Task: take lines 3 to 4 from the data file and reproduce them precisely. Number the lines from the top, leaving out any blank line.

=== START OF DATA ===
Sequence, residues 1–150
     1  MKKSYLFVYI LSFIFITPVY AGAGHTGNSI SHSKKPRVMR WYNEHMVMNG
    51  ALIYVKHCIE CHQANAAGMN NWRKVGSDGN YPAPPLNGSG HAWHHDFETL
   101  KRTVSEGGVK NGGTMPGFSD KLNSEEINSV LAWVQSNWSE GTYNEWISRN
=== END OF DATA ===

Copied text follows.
    51  ALIYVKHCIE CHQANAAGMN NWRKVGSDGN YPAPPLNGSG HAWHHDFETL
   101  KRTVSEGGVK NGGTMPGFSD KLNSEEINSV LAWVQSNWSE GTYNEWISRN